An Introduction

There’s more to life than books you know, but not much more…

You rarely hear the question asked; ‘What is Scottish music?’ or ‘What is Scottish film?’ The same goes for theatre, painting, or even comedy. In all these examples the question of their Scottishness or otherwise has long since mattered less than the argument which begins ‘Is it any good?’ But with Scottish writing there is all too often that vexed question ‘What is Scottish literature?’ and it’s one which is, to be frank, a pain in the arse.

It’s a question that has complex roots. The problem is one of language, politics and education, all of which have combined to confuse Scots, because the problem mainly lies with self-perception. In his latest novel, the Saltire Award winning Kieron Smith, boy, James Kelman looks at the pre-teen life of a boy growing up in Glasgow in the 1950’s. It is a brilliant evocation of childhood, and Kieron’s experience in the classroom is one which, I believe, still holds true today:

Ye had to speak right all the time, Oh it is not cannay it is cannot, you must not say didnay it is did not. If it is the classroom it is not the gutter. It is the Queen’s English, only you must speak the Queen’s English.1

These confusing linguistic standards are made even more apparent outside of school where Kieron’s mother tells him to speak ‘correctly’ while his father and his grandparents speak in exactly the way he is being told is some how inferior:

People that talked like me were just keelies and did not go to good schools. That was what my maw said.2

Putting aside the political and social questions that arise from such a situation, it is one which is bound to cause cultural confusion, but here’s my attempt at working it through. Those of us educated in Scotland are taught English as literature and are encouraged to speak English in the school. The majority of texts taught to us are English in terms of literature and language. So when we are given a text that is Scots in terms of literature and/or language then the confusion is understandable. Is it just a piece of English lit with an accent? Is it ‘inferior’ to those other texts we have been taught? Does the language used make it less aesthetically worthy? Is Scots a language or dialect? Is it only being taught to be politically correct? All these questions have been, or still are, applied to Scottish literature taught in schools, colleges and universities and such an attitude bleeds in to society in general.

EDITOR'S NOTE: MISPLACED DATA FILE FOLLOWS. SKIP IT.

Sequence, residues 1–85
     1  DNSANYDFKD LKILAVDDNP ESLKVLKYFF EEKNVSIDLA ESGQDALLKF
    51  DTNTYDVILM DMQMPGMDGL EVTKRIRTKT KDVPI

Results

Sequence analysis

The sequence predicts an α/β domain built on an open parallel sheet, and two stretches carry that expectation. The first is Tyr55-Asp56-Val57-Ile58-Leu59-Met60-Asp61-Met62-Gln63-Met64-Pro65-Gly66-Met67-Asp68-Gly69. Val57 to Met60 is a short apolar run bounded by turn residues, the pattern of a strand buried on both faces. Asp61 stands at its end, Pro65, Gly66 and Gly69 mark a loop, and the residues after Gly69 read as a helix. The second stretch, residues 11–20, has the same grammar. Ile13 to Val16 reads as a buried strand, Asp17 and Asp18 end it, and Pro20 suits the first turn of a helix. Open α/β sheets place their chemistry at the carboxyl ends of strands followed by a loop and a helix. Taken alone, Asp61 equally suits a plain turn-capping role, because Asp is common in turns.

This situation doesn’t arise with American literature, Irish Literature, Australian literature etc. The identity of native literatures is strong, and necessary, and few would attempt to say that William Burroughs or Jack Kerouac were not leading figures of American literature, or that Beckett and Joyce were not writing in the field of Irish literature. All four of these examples can be taught on Eng Lit courses as well as American Lit or Irish Lit courses, and there are few, if any, worries if the language used is English, American, Irish or purely dialect. They are taught because they are seen as having value. Is it any good?

But the attitude to Scottish literature is changing. The profile of Scottish writing is higher than at any time previously, both abroad, but perhaps more importantly, at home. Book festivals are thriving, readings are common place and, sometimes, well attended, and it appears as if literature is fully integrated into the nation’s cultural conversation as never before. In the last couple of years there has been The Ballad of the Books project which saw writers and musicians in collaboration. There have been theatre productions of Louise Welsh’s Tamburlaine Must Die, Andrew O’Hagan’s Be Near Me and James Hogg’s masterpiece The Private Memoirs and Confessions of a Justified Sinner and various Scottish novels have been made into films or TV series. You can argue the reasons for this new confidence in Scottish writing, when it began, or even if it exists at all, and perhaps we will in the months ahead. However it appears as if people are finally concentrating on the what, how and why; three of the most important questions to be asked (whether reading or otherwise), rather than worrying about who belongs where; to my mind one of the least important.

That’s what this column will be discussing. What is it, how was it written and why. And, of course, ‘Is it any good?’ On the first week of each month I’ll be looking at a different novel, writer, poet or short story collection with the aim of working out what the answer to those questions are, or at least enjoying arguing all points of view. I’ll concentrate on modern and contemporary stuff such as Ali Smith, Iain Banks, A.L. Kennedy and James Robertson as that’s where my own area of interest mainly lies, but I won’t ignore any writers without good reason. So if your tastes are more Sir Walter Scott or RL Stevenson than Alasdair Gray, Ewan Morrison or Andrew O’Hagan we can tear into them all. There’ll be no restrictions on what is under discussion, and any suggestions will be given due consideration, although I’m afraid this judge’s decision must be final.